She's still alive this morning, I have her in a kennel outside, in a dog house, she's safe in there, I had my hurt turkeys in there for quite awhile. She acts ok, although I noticed she wasn't eating at all last night.

    Do y'all think I should give her some asprin mix in case she's in pain? I have some mixed up from a guinea I was tending to...
  5. DuckLady

    DuckLady Administrator Staff Member

    Jan 11, 2007
    Washington State
    Ok, I cleaned up this thread of off topic posts.
    Sorry for the interruption, FarmGirlNE.

    If you have advice on the care of the chicken's wounds, please, by all means, be helpful.
  6. dlhunicorn

    dlhunicorn Human Encyclopedia

    Jan 11, 2007
    with puncture wounds there can be bits of soil etc in the wounds...a superficial swipe at the top is truly insufficient...you need something (for instance a syringe with no needle or if nothing else a sterilized dishwashing soap container filled with the saline solution/thereafter with the betadine tea) so it will gt into the puncture and flush out any loose bits that can fester ... protect from any flies/maggots are a real risk... amoxcillin (preferably potentiated) can be useful and is advised on the AVIAN WOUND MANAGEMENT site...here are my collected articles on wounds and the advice /dosage for the amoxcillin (if that is the antibiotic you have)... (((hugs)))hope she is feeling better soon...electrolytes in the waterer if she seems to be in shock (or gatorade in a pinch or childrens ORS will also do)...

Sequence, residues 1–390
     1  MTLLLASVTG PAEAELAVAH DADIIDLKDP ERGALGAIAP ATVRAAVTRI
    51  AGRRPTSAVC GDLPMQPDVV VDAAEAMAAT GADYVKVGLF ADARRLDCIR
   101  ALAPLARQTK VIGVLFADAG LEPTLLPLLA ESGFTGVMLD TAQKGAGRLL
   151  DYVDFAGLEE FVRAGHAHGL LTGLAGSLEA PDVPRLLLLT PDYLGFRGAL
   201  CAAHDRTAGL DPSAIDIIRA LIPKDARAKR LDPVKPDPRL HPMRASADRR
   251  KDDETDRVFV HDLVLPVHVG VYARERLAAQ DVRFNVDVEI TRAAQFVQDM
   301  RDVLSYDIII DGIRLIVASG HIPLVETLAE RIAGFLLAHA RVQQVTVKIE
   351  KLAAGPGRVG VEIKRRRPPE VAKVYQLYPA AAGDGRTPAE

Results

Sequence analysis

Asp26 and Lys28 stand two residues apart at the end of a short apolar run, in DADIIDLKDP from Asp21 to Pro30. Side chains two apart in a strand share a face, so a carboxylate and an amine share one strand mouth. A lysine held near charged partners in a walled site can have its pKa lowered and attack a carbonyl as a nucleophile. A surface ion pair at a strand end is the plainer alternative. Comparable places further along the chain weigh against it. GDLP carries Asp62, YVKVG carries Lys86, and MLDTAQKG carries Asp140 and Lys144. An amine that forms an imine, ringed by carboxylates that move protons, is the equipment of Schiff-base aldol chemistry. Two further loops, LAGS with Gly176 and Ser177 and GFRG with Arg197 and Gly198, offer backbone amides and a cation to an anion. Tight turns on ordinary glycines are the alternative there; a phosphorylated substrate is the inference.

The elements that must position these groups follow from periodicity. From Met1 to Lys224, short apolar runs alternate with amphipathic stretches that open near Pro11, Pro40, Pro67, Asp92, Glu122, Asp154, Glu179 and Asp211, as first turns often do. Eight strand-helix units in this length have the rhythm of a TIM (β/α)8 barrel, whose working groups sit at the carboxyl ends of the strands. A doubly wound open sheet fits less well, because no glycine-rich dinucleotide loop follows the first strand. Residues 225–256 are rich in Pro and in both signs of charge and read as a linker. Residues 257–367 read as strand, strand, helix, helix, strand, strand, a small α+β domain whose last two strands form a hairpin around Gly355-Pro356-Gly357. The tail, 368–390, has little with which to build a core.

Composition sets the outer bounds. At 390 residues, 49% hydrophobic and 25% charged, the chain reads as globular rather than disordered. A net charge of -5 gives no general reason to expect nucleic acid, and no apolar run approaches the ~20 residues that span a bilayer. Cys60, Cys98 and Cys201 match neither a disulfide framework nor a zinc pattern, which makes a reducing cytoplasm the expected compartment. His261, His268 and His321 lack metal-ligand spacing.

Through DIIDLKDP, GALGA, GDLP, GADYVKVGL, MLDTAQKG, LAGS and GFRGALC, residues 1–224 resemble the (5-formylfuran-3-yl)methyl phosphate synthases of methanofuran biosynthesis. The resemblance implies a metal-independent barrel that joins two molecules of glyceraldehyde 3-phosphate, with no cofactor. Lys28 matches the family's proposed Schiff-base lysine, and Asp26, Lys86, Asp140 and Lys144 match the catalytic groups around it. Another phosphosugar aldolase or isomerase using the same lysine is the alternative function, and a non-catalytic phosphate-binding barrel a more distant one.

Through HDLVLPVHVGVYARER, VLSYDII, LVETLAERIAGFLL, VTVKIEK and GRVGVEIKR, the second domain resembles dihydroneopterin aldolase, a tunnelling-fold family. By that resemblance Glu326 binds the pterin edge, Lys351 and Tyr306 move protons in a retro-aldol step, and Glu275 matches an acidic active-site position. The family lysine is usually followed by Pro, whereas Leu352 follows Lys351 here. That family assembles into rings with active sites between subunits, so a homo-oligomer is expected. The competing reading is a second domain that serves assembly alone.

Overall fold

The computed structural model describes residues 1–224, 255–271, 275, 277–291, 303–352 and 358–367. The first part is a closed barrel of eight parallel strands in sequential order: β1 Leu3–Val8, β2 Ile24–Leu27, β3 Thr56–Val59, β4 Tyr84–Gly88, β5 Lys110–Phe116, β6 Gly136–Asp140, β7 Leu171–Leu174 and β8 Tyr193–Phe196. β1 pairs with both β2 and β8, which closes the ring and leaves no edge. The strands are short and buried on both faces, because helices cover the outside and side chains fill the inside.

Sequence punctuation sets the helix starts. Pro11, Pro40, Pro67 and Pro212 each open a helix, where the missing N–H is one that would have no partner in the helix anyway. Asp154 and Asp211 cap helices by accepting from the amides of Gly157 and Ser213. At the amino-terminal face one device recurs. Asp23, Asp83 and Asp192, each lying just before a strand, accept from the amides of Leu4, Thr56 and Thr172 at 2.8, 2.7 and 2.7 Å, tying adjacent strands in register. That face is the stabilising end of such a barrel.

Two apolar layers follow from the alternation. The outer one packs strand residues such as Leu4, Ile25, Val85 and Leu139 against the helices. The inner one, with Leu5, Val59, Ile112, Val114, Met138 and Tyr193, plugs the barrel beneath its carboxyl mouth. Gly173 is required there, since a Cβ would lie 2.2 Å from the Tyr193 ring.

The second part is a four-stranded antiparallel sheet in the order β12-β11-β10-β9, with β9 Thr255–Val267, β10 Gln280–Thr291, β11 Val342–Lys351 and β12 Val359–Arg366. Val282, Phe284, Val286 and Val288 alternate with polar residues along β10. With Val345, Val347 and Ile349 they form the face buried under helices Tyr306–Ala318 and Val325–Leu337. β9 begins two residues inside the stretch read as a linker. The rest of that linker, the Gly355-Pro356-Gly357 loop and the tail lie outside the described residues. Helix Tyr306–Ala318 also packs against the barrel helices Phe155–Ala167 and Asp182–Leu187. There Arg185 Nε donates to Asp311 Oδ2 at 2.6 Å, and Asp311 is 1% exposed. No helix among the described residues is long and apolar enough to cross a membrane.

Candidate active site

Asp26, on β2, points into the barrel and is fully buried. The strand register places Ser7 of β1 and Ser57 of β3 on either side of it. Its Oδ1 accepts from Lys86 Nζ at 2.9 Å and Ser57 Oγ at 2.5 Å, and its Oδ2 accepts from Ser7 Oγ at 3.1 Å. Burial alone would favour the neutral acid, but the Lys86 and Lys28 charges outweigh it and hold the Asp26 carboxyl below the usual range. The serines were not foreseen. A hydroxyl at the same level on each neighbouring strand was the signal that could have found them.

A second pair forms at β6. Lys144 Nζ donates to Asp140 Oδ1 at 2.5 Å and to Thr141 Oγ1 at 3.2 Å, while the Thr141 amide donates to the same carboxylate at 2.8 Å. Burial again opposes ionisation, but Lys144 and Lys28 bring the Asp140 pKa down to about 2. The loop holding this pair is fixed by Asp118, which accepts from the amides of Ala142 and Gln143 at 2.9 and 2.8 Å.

Foot injuries and bumblefoot
    excerpt summary on TREATMENT measures:
    First aid
    Traumatised birds often have multiple injuries and may be further compromised by dehydration, malnutrition and other problems, especially if there has been a delay (hours or days) between injury and presentation [1]. Fluid and nutritional therapy and treatment for shock are critical in the early management of all traumatised birds. Overzealous wound and fracture treatment before stabilisation of the bird may prove fatal [1]. Some first aid of the wound, however, will inevitably be required.

    Wound first aid will usually be performed at the time of the initial or subsequent clinical examination. It need not be high tech but should fulfil a number of basic objectives:

    Cleaning - The wound should be cleaned quickly to remove as much contamination as possible. A more thorough cleaning should await veterinary examination of the wound. This is usually performed under general anaesthetic to help minimise stress . Sterile isotonic saline (0.9%) or a solution of 0.05% chlorhexidine may be used. Care should be taken not to wet the bird excessively as this is likely to increase the risks of hypothermia.

    Haemostasis - veterinary attention should be requested if there is excessive bleeding. Bleeding from most small wounds will stop following the application of a wound dressing.

    Protection from dehydration - the use of a hydrogel (e.g. Intrasite) will help protect a wound. This can be covered by a vapour permeable film dressing (e.g. Opsite) to provide further protection.

    Immobilisation - certain wounds may benefit from immobilisation or splinting. A figure of eight dressing can be used to immobilise the lower wing, for example, or the limb can be strapped to the body.

    Analgesia and antibiotics - broad spectrum antibiotics can be provided in the first instance: clavulanic acid potentiated amoxycillin (150mg/kg orally or subcutaneously) will provide cover against most aerobes and anaerobes...."